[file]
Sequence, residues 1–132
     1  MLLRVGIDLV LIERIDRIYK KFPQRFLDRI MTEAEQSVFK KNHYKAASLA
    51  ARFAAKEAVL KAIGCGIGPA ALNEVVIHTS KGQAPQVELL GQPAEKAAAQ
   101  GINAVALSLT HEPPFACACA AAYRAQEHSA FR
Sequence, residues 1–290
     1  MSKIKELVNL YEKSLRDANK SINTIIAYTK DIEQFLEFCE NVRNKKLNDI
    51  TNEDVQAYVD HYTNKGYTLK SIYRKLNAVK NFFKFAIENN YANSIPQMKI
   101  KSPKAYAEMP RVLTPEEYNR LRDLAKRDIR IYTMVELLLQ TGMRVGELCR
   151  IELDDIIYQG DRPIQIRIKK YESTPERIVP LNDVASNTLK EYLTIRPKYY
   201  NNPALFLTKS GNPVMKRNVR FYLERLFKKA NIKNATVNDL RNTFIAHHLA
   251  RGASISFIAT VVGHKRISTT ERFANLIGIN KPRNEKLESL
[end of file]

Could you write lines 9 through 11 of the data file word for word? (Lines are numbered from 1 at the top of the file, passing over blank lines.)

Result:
   151  IELDDIIYQG DRPIQIRIKK YESTPERIVP LNDVASNTLK EYLTIRPKYY
   201  NNPALFLTKS GNPVMKRNVR FYLERLFKKA NIKNATVNDL RNTFIAHHLA
   251  RGASISFIAT VVGHKRISTT ERFANLIGIN KPRNEKLESL